is quite contradictory to his role in the Frankie and Johnny scene,
where the Doctor plays the censor John Rutter. But see Act II, scene
ix, where the Gentleman (also played by the Doctor) has "Just. Been.
Born." (85/75) and Act
Table of Freaks in Him:
9 Foot Giant
Queen of Serpents
600 Lb. Woman
A. I. Dolon
Mme. S. Petite
creep, crawl (serpent)
treachery, image (eidolon)
bad / good
1 (132 / 115)
3 (135 / 117)
5 (138 / 120)
7 (140 / 122)
9 (143 / 124)
8 (141 / 123)
6 (139 / 121)
4 (136 / 118)
2 (133 / 116)
|Act II, i||II, ii||II, iii||II, iv||II, v||II, vi||II, vii||II, viii||II, ix|
(135 / 117) Herpo = "to creep, to crawl, move slowly" [Greek].
(135-136 / 118) Frank Mac Dermot —Cummings' first wife Elaine Orr
married Frank Mac Dermot after divorcing EEC in 1924. (See Kennedy
254-55.) He is presented here as a great white hunter who captures
a sleeping serpent—perhaps Elaine or Me.
D.S.C. = "Distinguished Service Cross," the second-highest U. S. Army decoration, first awarded in WWI. Since Mac Dermot was Irish, he could not have been awarded this medal. S.O.L. = "shit out of luck."
(136-137 / 118-119) Kakos = "Bad, shitty,
evil" [Greek]. Kalos "beautiful, fair, serving a good
purpose, good, morally beautiful, right, good, noble" [Greek].
(137 / 119) Barun Munchchowsun = Karl Friedrich von Münchhausen (1720–1797), a German baron who served in the Russian military. After returning to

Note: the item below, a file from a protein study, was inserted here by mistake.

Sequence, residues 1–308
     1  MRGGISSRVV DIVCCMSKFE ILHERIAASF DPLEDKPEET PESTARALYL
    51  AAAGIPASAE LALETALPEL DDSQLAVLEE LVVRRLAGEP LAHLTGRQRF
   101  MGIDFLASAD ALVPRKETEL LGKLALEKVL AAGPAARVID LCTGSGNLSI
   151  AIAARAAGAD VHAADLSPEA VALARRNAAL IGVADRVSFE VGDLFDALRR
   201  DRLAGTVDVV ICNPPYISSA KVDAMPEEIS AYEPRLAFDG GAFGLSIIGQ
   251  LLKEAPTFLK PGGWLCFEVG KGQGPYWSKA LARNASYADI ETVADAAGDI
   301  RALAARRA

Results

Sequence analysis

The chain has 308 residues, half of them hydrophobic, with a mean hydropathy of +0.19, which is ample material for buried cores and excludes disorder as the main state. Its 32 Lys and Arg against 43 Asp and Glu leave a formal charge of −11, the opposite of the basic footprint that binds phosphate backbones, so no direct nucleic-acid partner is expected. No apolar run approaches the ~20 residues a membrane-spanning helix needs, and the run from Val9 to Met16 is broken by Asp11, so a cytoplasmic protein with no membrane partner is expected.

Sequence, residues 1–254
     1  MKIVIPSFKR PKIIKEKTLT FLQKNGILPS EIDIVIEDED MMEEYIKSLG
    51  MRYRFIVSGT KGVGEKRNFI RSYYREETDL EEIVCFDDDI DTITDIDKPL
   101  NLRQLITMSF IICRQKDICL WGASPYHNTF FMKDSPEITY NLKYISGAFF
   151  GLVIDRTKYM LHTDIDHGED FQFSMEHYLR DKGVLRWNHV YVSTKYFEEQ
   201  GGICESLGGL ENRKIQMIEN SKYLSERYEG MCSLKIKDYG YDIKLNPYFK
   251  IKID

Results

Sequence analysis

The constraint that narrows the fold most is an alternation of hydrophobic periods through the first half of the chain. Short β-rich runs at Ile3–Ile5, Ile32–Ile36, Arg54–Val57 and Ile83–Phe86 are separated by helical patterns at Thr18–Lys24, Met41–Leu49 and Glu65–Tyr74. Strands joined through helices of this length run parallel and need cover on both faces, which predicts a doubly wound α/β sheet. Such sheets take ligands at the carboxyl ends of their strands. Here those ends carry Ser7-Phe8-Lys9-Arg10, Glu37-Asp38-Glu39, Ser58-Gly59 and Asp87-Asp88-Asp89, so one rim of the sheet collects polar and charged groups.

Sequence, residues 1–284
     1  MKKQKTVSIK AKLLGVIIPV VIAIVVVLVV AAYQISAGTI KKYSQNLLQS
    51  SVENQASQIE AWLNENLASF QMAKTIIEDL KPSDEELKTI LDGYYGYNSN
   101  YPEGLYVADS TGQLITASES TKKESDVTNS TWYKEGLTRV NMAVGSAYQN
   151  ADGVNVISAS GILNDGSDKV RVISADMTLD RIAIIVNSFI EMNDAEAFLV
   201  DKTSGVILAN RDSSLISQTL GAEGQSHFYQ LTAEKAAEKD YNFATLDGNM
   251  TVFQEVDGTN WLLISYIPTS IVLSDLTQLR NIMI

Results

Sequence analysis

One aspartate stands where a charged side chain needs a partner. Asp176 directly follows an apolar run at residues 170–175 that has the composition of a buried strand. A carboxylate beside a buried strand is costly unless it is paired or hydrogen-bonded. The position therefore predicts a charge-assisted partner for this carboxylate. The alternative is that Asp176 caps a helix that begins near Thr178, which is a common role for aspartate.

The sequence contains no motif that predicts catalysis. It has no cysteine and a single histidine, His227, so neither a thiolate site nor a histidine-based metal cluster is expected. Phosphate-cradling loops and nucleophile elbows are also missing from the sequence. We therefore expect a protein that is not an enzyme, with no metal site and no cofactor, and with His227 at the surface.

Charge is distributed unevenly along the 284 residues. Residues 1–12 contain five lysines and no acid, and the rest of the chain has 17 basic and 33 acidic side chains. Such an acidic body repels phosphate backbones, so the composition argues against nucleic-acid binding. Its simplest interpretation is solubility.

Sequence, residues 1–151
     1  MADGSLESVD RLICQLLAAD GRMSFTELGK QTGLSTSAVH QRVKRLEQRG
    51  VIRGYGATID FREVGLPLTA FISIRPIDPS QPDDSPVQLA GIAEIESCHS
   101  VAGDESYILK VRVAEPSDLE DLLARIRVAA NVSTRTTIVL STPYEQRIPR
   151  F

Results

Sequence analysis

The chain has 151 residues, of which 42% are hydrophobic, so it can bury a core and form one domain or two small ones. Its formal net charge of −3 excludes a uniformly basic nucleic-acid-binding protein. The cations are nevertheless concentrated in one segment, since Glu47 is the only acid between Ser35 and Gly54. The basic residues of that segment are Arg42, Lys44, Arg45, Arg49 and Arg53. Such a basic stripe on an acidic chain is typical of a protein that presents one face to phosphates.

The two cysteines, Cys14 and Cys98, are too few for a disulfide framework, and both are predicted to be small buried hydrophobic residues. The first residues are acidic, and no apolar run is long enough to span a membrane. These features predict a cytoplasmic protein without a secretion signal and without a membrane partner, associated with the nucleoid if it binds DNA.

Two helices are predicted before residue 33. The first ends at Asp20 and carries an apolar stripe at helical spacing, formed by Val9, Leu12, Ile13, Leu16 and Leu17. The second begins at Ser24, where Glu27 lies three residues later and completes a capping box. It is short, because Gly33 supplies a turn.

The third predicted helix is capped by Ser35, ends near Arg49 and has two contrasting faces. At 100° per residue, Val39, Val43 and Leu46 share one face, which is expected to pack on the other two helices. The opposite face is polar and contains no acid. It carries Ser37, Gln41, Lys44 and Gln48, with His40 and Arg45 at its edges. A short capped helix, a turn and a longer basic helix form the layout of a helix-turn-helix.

(139 / 120) An-tie-hippo-fagic
= "anti-hippophagic" = a society against the eating of horseflesh.
See Act I, scene i (3) and Act I, scene v (31/28).
(139 / 121) knee plus ultry = ne plus ultra = the highest point [Latin, “no more beyond”].
(140 / 121) Eat Un Grow Tin = "Eat and Grow Thin," Cummings’ spoof on a popular self-help book by Napoleon Hill, Think and Grow Rich?(140 / 122) pulcrytood dut makes uh billiard ball look like uh cookie—a reference to the leveling metaphors of science. See "kind)" (CP 464) in which the scientist-lecturer compares the universe to a "Cookie" and a "Biscuit." See also "pity this busy monster,manunkind," (CP 554).
(141 / 122) decalcomaniuh = decalcomania, "the art or process of transferring pictures or designs from specially prepared paper to wood, metal, glass, etc." A decal.
A. I. Dolon = "dolos" = "bait, cunning contrivance, craft, cunning, treachery, wiliness" [Greek]. Cummings notes that the name could also be construed as an "eidolon=shape,image" [Greek]. The most recent edition reads "E. I. Dolon" (123). Cummings may also refer to Walt Whitman's poem, "Eidólons," in which the images represent "the universes, / Purport and end, ever the permanent life of life" (8). The Tattooed Man, too, presents "permanent" images--he's a tricky artist.
Muddur Mucree = "Mother
Machree" (1910), Irish-American song with lyrics by Rida
Johnson Young and music by Chauncey Olcott and Ernest R. Ball.
Here's the chorus:
A silent film named Mother Machree was begun in 1926,
released in 1927, then re-released with a synchronized sound
reel in 1928.
(131 / 113; 143 / 124) Princess Anankay = Anagke = "necessity,
constraint, force, natural want or desire" [Greek].
(143 / 124) Cakewalk = "a traditional African-American form of music and dance."